BY FOGGY OTIS | FROM THE WINTER 2023 ISSUE OF UKULELE
Written around 1888 by Black songwriter Gussie Lord Davis, “Irene, Goodnight” is a beautifully simple song that adapts very well to the ukulele. Prior to composing the tune, Davis applied to the Nelson Musical College, in Dayton, Ohio, where he was rejected because of the color of his skin. Not to be discouraged, he took a job as a janitor at the school in exchange for music lessons. Davis self-published his songs and employed local printers to produce his sheet music, selling enough copies to earn a profit, and attracting the attention of Cincinnati publisher George Propheter.
In 1886, Propheter expanded his business to New York City, taking Davis with him to Tin Pan Alley. There, Davis garnered attention as both a writer and performer and was eventually recognized as one of the ten best songwriters in America. Touring as a pianist with his own minstrel group, Davis introduced “Irene, Goodnight” to audiences across the country.
The folk-blues legend Lead Belly may have Davis to thank for his song “Irene.” Recorded by musicologist John Lomax in 1933, “Irene” bears some striking similarities to Davis’ song and may have originated from a traveling minstrel show that featured “Irene, Goodnight.” In 1950, the Greenwich Village folk group the Weavers reached No. 1 on the Billboard charts with their rendition of “Goodnight, Irene,” which sold two million copies and became the most popular record of the year.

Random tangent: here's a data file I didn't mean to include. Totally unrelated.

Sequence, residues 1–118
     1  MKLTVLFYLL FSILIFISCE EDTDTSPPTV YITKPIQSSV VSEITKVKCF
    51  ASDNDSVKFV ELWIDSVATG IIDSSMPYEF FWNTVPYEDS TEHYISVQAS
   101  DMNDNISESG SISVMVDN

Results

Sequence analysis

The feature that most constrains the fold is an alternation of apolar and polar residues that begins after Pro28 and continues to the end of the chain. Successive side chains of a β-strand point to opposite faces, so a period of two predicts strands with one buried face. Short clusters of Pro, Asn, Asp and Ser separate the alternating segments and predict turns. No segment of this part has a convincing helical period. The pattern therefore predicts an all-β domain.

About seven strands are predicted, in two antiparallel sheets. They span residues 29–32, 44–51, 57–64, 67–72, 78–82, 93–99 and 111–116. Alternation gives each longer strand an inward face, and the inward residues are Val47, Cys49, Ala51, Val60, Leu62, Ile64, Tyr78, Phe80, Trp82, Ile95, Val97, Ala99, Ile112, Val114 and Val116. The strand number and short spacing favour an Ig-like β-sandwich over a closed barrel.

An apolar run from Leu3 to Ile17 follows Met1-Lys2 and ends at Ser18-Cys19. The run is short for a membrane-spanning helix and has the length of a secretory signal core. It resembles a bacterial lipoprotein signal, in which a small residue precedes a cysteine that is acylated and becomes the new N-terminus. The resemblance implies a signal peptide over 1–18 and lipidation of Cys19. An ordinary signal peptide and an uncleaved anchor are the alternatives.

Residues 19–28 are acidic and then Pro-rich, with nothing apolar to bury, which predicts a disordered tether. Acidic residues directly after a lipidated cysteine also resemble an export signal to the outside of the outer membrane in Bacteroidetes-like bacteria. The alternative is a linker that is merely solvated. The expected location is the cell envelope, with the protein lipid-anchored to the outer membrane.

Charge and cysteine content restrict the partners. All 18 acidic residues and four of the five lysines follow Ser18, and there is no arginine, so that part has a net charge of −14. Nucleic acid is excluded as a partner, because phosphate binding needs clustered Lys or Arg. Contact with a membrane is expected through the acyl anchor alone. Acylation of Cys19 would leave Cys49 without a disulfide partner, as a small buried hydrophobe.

This arrangement, in the key of F major, is based on Davis’ original version. I have added lullaby-like verses of my own (the second and third), to break up the monotony of singing the same verse over and over. Though I like to play the simple fingerpicked accompaniment shown here in notation, you could instead strum using any basic pattern in waltz time. (See both approaches in the accompanying video.)
During the interlude, I like to do a simple variation on the melody, playing it slightly different on each repeat. As you practice the picking pattern it will become less stiff. Loosen up and have fun with the waltz. Let it take on the feel of a gently rolling lullaby, and before long you’ll find yourself swaying to the music.